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This is day 25 of the starfish site project and things are going along swimmingly. We are continuing to update posts on the site and track how the site is doing. We’re back to 44 posts currently published on the site and 34 of those are indexed in Google.

For this update we’re going over some of the sitemap woes we found on the site. And while these problems likely weren’t the reason why the site was hit with the spam update, it will likely affect other sites that have taken the same approach as we did when attempting to recover this site.

So, when we decided to wipe out this website content and alter that content to provide a better user experience and more helpful content for readers we did so by simply moving all the posts to the trash bin on WordPress.

We knew that the content would be heavily edited so we decided on trashing all the posts rather than changing them to ‘noindex’ in Yoast or Rank Math. We then selected all the posts we deleted and restored them basically putting them in ‘draft’ status on WordPress.

While this method of simply trashing the posts and then restoring them to draft was really quick and easy we didn’t realize what was happening in the sitemap for these posts.

How It’s Handled in the Sitemap

So, while the post were still set in draft, they were still listed in the sitemap since they were once published. This included all the posts on the site. Even the posts that were removed and not going to be restored. This led to a slew of problems when we checked in the Google Search Console as well.

Google checked the posts sitemap file on Apr 4 which was a few weeks ago. It had listed 99 posts submitted on the sitemap which was wrong. The site only had about 40 posts at that point. We started to dig a little deeper and found the drafted posts were still listed in the sitemap.

The Fix Was Simple

Since the sitemap is generated automatically and posts are added by the SEO plugin we didn’t need to go in and edit the sitemap manually. Instead to fix and regenerate the sitemap we simply turned off the sitemap and then turned it back on which generated a new sitemap.

Screenshot of Rank Math SEO Sitemap setting

This is the RankMath SEO setting that you’ll need to turn off then back on again to regenerate the sitemap. For the Yoast SEO plugin, the setting is similar:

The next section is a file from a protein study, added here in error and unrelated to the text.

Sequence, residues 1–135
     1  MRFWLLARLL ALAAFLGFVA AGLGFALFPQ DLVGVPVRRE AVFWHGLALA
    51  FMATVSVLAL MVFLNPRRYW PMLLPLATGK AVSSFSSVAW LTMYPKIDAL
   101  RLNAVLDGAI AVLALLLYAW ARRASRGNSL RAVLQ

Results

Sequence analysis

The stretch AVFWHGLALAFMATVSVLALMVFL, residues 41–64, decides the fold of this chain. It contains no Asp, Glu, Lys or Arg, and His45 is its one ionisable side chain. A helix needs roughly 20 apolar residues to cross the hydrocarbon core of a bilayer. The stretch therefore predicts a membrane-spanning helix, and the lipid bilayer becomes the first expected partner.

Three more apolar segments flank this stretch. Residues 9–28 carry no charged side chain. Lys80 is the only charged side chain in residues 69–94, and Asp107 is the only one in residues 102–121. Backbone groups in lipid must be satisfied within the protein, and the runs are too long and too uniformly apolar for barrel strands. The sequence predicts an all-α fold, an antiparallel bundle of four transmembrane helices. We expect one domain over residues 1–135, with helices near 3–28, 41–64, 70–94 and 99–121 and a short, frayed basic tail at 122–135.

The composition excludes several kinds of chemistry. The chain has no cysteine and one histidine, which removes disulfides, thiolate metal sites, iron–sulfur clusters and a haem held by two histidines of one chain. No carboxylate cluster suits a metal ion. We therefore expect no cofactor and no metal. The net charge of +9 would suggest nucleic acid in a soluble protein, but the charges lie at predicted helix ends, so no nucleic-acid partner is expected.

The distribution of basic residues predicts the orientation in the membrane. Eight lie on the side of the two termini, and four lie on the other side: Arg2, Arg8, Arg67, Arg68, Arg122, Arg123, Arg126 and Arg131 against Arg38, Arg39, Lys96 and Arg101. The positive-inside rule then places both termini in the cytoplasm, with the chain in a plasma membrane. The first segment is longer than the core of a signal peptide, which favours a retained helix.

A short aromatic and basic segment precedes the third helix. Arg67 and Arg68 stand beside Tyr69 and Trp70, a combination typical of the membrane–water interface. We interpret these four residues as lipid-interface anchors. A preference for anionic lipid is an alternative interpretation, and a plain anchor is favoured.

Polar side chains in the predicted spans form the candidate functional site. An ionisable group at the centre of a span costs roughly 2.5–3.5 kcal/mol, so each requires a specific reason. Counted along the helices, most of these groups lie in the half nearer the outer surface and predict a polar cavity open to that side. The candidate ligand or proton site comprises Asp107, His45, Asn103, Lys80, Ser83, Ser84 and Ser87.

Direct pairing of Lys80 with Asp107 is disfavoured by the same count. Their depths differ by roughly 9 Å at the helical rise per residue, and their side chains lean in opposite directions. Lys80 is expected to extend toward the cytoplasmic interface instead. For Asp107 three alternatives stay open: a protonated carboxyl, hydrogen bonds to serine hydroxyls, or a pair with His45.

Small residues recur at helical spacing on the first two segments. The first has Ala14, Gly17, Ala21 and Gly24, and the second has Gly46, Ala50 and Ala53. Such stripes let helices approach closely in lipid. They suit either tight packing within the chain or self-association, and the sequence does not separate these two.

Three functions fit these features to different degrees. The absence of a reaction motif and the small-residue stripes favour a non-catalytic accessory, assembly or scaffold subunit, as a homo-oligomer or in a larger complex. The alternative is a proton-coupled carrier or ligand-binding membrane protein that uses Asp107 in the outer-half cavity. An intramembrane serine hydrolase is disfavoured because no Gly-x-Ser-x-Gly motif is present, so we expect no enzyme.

Enabling and Re-enabling these settings will reset the sitemap and that only listed the published articles on the site. We verified the sitemap and it had the correct posts listed so we re-submitted the sitemap to Google Search Console.

It still took a few days for the sitemap to update on Google Search Console.

It’s a good idea to do a once over on your site and look for problems such as this every few weeks or monthly just to make sure nothing is amiss in what is usually a set and forget type of deal.

Again, I want to mention that this problem was discovered and created after the site lost rankings so it would not have been the cause for the lost rankings but likely did hinder the comeback of the website.


Google Adsense screenshot showing monthly earnings for the Starfish site during April


Traffic is still a problem for the site. Since the site isn’t being shown in Google results it’s not getting any traffic at all. Just a wayward pageview here and there and those aren’t coming from Google, instead they are either social traffic, referral traffic, or direct traffic. Here’s the screenshot for the past month:

Screenshot of the Traffic for Starfish site project

Google Search Console

We have been working with Google Search Console dealing with the sitemap issues and checking 404 pages and such. But there’s not a lot happening in terms of the site being shown in the search results. Here’s the screenshot for the month of April and the miniscule amount of impressions it got:

Google Search Console screenshot of the impressions and clicks the starfish project has received
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